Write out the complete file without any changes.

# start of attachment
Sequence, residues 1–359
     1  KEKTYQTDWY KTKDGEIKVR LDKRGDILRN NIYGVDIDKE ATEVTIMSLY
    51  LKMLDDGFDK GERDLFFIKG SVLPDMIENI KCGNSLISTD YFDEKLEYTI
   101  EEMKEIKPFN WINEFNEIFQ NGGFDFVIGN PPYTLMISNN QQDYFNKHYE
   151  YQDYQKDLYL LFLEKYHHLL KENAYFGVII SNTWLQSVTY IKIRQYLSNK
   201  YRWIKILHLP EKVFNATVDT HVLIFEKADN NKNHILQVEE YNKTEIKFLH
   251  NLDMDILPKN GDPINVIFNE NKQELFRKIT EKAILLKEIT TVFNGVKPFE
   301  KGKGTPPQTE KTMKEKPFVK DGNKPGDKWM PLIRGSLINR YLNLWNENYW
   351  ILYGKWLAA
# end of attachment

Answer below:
Sequence, residues 1–359
     1  KEKTYQTDWY KTKDGEIKVR LDKRGDILRN NIYGVDIDKE ATEVTIMSLY
    51  LKMLDDGFDK GERDLFFIKG SVLPDMIENI KCGNSLISTD YFDEKLEYTI
   101  EEMKEIKPFN WINEFNEIFQ NGGFDFVIGN PPYTLMISNN QQDYFNKHYE
   151  YQDYQKDLYL LFLEKYHHLL KENAYFGVII SNTWLQSVTY IKIRQYLSNK
   201  YRWIKILHLP EKVFNATVDT HVLIFEKADN NKNHILQVEE YNKTEIKFLH
   251  NLDMDILPKN GDPINVIFNE NKQELFRKIT EKAILLKEIT TVFNGVKPFE
   301  KGKGTPPQTE KTMKEKPFVK DGNKPGDKWM PLIRGSLINR YLNLWNENYW
   351  ILYGKWLAA